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Fish Inner Ear Otolith Growth Under Real Microgravity (Spaceflight) and Clinorotation

Anken, Ralf and Brungs, Sonja and Grimm, Dennis and Knie, Miriam and Hilbig, Reinhard (2015) Fish Inner Ear Otolith Growth Under Real Microgravity (Spaceflight) and Clinorotation. Microgravity Science and Technology, pp. 1-6. Springer. DOI: 10.1007/s12217-015-9459-4 ISSN 0938-0108

Full text not available from this repository.

Official URL: http://dx.doi.org/10.1007/s12217-015-9459-4

Abstract

Using late larval stages of cichlid fish (Oreochromis mossambicus) we have shown earlier that the biomineralization of otoliths is adjusted towards gravity by means of a neurally guided feedback loop. Centrifuge experiments, e.g., revealed that increased gravity slows down otolith growth. Microgravity thus should yield an opposite effect, i.e., larger than normal otoliths. Consequently, late larval cichlids (stage 14, vestibular system operational) were subjected to real microgravity during the 12 days FOTON-M3 spaceflight mission (OMEGAHAB-hardware). Controls were kept at 1g on ground within an identical hardware. Animals of another batch were subsequently clinorotated within a submersed fast-rotating clinostat with one axis of rotation (2d-clinostat), a device regarded to simulate microgravity. Temperature and light conditions were provided in analogy to the spaceflight experiment. Controls were maintained at 1g within the same aquarium. After all experiments, animals had reached late stage 21 (fish can swim freely). Maintenance under real microgravity during spaceflight resulted in significantly larger than normal otoliths (both lapilli and sagittae, involved in sensing gravity and the hearing process, respectively). This result is fully in line with an earlier spaceflight study in the course of which otoliths from late-staged swordtails Xiphophorus helleri were analyzed. Clinorotation resulted in larger than 1g sagittae. However, no effect on lapilli was obtained. Possibly, an effect was present but too light to be measurable. Overall, spaceflight obviously induces an adaptation of otolith growth, whereas clinorotation does not fully mimic conditions of microgravity regarding late larval cichlids.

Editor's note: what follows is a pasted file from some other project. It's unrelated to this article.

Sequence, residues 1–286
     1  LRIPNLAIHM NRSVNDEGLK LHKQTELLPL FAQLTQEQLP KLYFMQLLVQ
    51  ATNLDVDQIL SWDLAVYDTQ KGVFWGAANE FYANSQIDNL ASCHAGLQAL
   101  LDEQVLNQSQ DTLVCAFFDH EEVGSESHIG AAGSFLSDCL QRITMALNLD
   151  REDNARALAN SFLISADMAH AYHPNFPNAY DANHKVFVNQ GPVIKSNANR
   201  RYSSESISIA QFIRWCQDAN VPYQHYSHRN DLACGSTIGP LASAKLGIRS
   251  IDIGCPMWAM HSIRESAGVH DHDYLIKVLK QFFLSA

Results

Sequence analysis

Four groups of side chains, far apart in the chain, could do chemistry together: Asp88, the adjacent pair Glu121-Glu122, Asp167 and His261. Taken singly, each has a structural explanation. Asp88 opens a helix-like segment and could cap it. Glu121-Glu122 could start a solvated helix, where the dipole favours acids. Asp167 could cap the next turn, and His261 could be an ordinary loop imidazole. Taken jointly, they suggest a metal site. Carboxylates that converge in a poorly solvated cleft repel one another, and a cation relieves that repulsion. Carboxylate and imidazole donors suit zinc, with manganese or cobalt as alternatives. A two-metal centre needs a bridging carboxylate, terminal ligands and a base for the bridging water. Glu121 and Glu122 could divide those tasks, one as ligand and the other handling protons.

Item URL in elib:https://elib.dlr.de/102744/
Document Type:Article
Title:Fish Inner Ear Otolith Growth Under Real Microgravity (Spaceflight) and Clinorotation
Authors:
AuthorsInstitution or Email of AuthorsAuthors ORCID iD
Anken, RalfGerman Aerospace Center (DLR), Institute of Aerospace Medicine, Cologne, GermanyUNSPECIFIED
Brungs, SonjaGerman Aerospace Center (DLR), Institute of Aerospace Medicine, Cologne, GermanyUNSPECIFIED
Grimm, DennisUniversity of Hohenheim, Zoological Institute, Stuttgart, GermanyUNSPECIFIED
Knie, Miriammiriknie (at) googlemail.com; University of Hohenheim, Zoological Institute, Stuttgart, GermanyUNSPECIFIED
Hilbig, ReinhardZoological Institute, University of Hohenheim, Stuttgart, GermanyUNSPECIFIED
Date:25 September 2015
Journal or Publication Title:Microgravity Science and Technology
Refereed publication:Yes
Open Access:No
Gold Open Access:No
In SCOPUS:Yes
In ISI Web of Science:Yes
DOI :10.1007/s12217-015-9459-4
Page Range:pp. 1-6
Publisher:Springer
ISSN:0938-0108
Status:Published
Keywords:Inner ear, Otolith, Mineralization, Clinostat, Microgravity
HGF - Research field:Aeronautics, Space and Transport
HGF - Program:Space
HGF - Program Themes:Research under Space Conditions
DLR - Research area:Raumfahrt
DLR - Program:R FR - Forschung unter Weltraumbedingungen
DLR - Research theme (Project):R - Vorhaben Biowissenschaftliche Nutzerunterstützung
Location: Köln-Porz
Institutes and Institutions:Institute of Aerospace Medicine > Biomedical Research
Deposited By: Hoven, Claudio
Deposited On:03 Feb 2016 09:46
Last Modified:10 May 2016 23:44

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